12. How many promotions did you get at work- You might think promotions don’t indicate your actual progress at work, but in purely quantitative terms, they do show your career progression, and that’s what the algorithm will take into account as well.
  13. What was the average duration between two promotions- This one should be fairly easy to understand. If you have two promotions in a year, versus someone who has 5 promotions over 10 years, your profile obviously stands out more.
  14. Have you founded a successful company or been a core team member of one- B-schools are all about that entrepreneurial mindset. So, if you’ve got it, flaunt it!
  15. Do you have any patents/publications in your name- This is yet another solid, quantitative way to assess your academic or professional rigour.
  16. 12th Score/ matriculation score- The higher, the better — just like our mantra for everything else.

Each of these quantitative aspects are then weighted averaged to generate a new, fixed score. There is minimal human intervention in this process, and the score helps the admission committee gauge whether you are an academic fit for the programme or not.

Now that we have covered the Quantitative aspects of your profile, it is time to move to the Qualitative ones. These aspects are related to your personality, leadership skills, initiatives outside work, soft skills, temperament, motivation, and passion, among many others. These are usually evaluated by a human — one or more of the admission committee members, an alumnus, or even a current student. The human evaluating your application is the only one who will know the kind of composition or diversity that they want in their B-school, and is also in a better position to understand your aspirations and motivations behind doing this programme. Which is why this is something that a computer will not be able to do. The key qualitative aspects include –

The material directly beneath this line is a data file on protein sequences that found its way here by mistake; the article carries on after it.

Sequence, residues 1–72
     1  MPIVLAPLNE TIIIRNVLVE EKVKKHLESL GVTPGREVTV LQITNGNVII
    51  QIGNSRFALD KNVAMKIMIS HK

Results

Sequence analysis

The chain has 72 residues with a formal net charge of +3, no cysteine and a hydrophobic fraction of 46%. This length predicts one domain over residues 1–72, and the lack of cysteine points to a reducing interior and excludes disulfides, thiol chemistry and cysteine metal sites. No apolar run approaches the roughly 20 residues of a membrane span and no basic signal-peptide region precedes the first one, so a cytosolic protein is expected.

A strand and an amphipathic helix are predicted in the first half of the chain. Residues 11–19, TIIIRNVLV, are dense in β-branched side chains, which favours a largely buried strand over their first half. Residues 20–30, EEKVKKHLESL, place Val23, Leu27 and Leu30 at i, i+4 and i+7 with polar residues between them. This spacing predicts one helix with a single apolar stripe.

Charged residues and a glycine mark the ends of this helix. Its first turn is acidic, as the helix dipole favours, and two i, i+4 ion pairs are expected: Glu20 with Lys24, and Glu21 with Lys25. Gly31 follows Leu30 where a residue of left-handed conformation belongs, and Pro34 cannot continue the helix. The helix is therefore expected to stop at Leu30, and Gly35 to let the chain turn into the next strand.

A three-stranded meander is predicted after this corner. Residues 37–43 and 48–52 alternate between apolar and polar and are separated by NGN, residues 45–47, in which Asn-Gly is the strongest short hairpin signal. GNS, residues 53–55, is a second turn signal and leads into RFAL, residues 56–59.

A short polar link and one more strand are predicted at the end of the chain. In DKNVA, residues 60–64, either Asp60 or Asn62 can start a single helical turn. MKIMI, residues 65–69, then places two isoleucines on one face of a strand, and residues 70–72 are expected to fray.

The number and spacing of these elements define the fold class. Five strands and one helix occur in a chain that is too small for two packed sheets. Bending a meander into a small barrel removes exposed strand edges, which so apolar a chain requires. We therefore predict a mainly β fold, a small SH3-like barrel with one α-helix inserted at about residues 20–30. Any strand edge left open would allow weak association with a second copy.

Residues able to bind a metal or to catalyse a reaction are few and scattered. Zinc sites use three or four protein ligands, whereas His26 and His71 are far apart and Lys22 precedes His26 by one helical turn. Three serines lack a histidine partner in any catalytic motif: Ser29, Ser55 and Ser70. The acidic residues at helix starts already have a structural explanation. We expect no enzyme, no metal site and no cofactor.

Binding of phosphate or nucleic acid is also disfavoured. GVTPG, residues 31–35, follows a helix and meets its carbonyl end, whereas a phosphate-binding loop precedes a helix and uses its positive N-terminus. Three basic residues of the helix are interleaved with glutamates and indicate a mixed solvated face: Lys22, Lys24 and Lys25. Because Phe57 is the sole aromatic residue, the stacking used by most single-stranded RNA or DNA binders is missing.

1. Essays, that assess things like-
    a) Goals
    b) Situational Awareness
    c) Leadership Stories
    d)Community contributions
    e) Strengths and Weaknesses
  2. Letter of Recommendation- This is important because it can influence the decision of the admissions committee, and allows them to review your capabilities from the recommender’s point of view, thus building your credibility. It’s the only window where they can see what someone else thinks of you and your work, so never neglect LoRs.
  3. Resume- This provides a snapshot of your work experience, and details out whatever you have done or achieved over the years.
  4. Application form- This is mostly factual, but they do encapsulate your hobbies and extra-curricular activities, so keep them handy.

Just like the computer, the human will also score you basis the above parameters, individually. These will then be weighted averaged to generate a second score. Here, the admission committee tries to gauge whether you are a Cultural fit for the programme or not.

The first score from your quantitative assessment, and the second from your qualitative assessment will then be given a weighted average score together, to generate your final score. This is then benchmarked across all the final scores of every applicant who has applied in that particular round. Everyone who is above a certain threshold is then called for an interview. In some rare cases, applicants may also be given a direct admission, but you have to be truly exceptional for that to happen.

As you can see, the answer to the question at the beginning of this article involves several paragraphs of work. The GMAT score is just one of the many parameters considered during the evaluation of applicants for an MBA programme. Please remember, the exact weightage attached to each parameter is a closely guarded secret as far as most B-schools are concerned. And no, even Google doesn’t have the key to this black box. You will just have to trust us on this, given how the team at CrackAdmission has gone through the same journey, and guided hundreds of others as they pursued their dream B-school.

Our recommendation to anyone reading this, and planning on doing their MBA, is to focus equally on both the quantitative and qualitative aspects of your profile, and demonstrate a fine balance between the two.

Are you dreaming of joining a top B-school? Get exclusive guidance from our counsellors, as they help you navigate these tricky waters. Contact us and book a free-of-charge 30-min call with us.